Cayetano and Catalina, as they were known, were married for 29 years when Cayetano died prematurely of pneumonia at age 49 on September 11, 1937, in Mexico City.  He remained the light of Catalina’s life until her own death at age 104 on April 5, 1998.  Her devotion to him was evident in the stories she lovingly told of him and in the prominent places his pictures occupied in her home.

One of these places was in Abuelita’s bedroom, where a large portrait of my grandfather hung on the wall above a shelf filled with flowers and votive candles.  Every night before she went to bed, she would stand reverently before it, lighting a candle and praying for her beloved husband.

What follows is a translation of my grandparent’s wedding record.  Unfortunately, due to the age and condition of the nearly century-old document, some of the words are no longer legible; however, it is thorough in its detail and typical of the documents of the day.  I have capitalized and transcribed words in English as they were written in the original Spanish.  Note that my grandmother’s family name was written as “Perroten,” although it was actually “Perrotin.”

                                                    * * *

For Certificates of the Acts of the Civil Registry of the State of Veracruz

In the name of the Republic of Mexico, and as Judge of the Civil Registry of this place, I make known to those present, and I certify as true that on record 3 in Book number 3, corresponding to the year 1912, in this Auxiliary office is found the following information:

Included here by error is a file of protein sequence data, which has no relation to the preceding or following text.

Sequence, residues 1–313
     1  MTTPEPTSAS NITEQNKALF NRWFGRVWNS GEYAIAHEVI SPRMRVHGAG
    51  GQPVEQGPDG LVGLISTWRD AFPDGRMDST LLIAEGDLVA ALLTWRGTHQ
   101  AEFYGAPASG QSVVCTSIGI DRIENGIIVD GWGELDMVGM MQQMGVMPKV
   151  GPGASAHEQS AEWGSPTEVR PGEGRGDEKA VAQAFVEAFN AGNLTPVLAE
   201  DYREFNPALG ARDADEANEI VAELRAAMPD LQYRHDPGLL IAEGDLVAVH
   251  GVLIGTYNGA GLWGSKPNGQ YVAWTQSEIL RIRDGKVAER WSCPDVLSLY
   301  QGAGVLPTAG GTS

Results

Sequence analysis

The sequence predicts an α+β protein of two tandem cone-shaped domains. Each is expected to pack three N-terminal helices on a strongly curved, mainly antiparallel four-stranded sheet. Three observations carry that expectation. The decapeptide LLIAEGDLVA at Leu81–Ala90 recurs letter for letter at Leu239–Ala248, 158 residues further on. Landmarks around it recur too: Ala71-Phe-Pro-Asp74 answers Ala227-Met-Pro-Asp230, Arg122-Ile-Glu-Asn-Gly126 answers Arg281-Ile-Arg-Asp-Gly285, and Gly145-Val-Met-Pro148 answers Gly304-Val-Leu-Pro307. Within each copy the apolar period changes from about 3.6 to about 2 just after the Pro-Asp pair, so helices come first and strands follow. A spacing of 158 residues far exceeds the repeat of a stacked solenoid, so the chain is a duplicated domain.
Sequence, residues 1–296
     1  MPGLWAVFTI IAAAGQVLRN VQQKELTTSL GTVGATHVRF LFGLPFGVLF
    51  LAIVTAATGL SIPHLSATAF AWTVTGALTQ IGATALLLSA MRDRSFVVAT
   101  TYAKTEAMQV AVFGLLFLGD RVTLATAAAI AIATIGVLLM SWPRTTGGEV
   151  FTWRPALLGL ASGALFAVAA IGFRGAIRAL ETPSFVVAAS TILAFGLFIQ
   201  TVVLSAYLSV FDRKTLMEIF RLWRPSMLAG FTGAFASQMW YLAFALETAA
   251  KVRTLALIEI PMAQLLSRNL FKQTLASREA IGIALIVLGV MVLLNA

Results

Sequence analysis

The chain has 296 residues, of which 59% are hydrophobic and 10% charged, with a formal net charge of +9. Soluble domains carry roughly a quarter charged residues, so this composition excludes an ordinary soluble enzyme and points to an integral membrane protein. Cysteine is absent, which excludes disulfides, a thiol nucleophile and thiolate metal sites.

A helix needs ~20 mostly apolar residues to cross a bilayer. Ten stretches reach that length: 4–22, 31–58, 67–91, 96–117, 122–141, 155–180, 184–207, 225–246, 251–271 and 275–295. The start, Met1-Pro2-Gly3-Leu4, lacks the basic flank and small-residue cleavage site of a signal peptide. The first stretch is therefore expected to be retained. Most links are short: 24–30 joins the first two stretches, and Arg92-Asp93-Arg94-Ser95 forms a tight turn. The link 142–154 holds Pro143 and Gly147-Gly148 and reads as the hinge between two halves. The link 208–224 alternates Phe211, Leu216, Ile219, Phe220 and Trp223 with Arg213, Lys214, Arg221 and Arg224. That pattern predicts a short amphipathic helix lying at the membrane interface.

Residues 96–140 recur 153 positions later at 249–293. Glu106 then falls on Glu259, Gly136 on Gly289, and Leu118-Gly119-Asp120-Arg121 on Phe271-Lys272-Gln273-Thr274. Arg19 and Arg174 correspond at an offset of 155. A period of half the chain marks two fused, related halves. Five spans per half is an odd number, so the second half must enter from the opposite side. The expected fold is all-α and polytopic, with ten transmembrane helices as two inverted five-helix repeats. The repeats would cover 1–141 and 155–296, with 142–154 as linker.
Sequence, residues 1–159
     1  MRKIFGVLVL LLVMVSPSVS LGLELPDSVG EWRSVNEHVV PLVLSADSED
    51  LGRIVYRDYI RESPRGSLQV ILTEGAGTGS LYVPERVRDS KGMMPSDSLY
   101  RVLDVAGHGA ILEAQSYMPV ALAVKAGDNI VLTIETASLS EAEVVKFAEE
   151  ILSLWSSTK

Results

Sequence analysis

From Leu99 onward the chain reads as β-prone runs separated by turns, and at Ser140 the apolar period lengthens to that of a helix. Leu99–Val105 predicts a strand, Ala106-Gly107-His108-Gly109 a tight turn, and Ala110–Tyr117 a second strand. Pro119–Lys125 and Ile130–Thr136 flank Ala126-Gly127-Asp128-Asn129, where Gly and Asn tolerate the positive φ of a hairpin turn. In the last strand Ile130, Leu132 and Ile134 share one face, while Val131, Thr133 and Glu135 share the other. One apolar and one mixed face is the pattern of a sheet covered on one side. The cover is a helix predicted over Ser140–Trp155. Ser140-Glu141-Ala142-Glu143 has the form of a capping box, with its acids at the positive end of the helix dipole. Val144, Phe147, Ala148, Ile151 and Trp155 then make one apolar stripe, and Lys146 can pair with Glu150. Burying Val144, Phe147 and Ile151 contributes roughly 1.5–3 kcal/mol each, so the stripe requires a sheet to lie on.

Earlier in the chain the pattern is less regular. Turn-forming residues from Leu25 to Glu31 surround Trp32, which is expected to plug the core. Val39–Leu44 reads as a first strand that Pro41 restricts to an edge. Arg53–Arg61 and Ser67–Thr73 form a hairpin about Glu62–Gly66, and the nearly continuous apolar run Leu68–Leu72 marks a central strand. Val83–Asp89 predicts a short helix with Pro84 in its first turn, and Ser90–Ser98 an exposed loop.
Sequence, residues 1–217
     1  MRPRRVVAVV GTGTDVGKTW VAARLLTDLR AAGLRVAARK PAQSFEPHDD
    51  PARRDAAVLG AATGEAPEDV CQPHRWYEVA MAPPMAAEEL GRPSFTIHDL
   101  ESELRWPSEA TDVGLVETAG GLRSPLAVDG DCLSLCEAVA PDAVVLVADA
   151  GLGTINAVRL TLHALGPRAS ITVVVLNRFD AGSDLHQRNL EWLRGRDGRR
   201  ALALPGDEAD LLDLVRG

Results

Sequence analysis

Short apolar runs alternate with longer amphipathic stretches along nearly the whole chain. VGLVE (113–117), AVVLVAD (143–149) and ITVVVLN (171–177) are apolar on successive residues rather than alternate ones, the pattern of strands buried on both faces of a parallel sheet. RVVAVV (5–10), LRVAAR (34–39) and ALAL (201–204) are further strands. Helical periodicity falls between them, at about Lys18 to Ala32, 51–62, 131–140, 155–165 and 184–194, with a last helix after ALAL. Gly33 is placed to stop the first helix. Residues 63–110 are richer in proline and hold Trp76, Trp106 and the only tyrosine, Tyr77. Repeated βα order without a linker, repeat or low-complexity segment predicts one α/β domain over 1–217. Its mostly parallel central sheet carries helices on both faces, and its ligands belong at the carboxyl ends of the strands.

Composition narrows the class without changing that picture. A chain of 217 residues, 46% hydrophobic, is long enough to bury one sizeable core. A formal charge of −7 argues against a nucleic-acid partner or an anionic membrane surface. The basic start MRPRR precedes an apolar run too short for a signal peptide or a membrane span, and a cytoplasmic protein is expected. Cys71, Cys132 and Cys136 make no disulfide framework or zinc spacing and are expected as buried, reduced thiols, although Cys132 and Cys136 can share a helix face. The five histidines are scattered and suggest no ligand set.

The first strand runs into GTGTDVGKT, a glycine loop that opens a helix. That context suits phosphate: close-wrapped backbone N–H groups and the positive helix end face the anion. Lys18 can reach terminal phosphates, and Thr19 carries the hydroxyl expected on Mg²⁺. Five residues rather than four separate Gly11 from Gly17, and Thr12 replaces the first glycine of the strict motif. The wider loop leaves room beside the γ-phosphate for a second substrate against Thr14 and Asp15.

Number 3 – Matrimony of Cayetano M. Huesca and Catalina Perroten.  In the Congregation of Tierra Blanca at 8 eight o’clock in the evening of the 21 twenty-first day of February 1912, one-thousand nine hundred and twelve, before me, José C. Peña, Deputy of Justice with the title of Auxiliary Judge of Civil Matters of this Congregation, appeared with the object of celebrating their marriage, the citizen Cayetano M. Huesca and Mrs. Catalina Perroten, the former originally from Cañada de Morelos  of Puebla, single, mechanic, 24 twenty-four years of age and from this vicinity, legitimate son of Mr. Enrique Huesca and the late Luz Merlo [next line illegible, though it probably refers to Enrique Huesca]…years of age, carpenter residing in Cañada de Morelos.  Mrs. Catalina Perroten said to be a native of Orizaba, single, 18 eighteen years of age, residing in this Congregation, legitimate daughter of the late Francisco Perroten and of Mrs. María Amaro, originally of Orizaba, widow age 40 forty years, residing in this jurisdiction.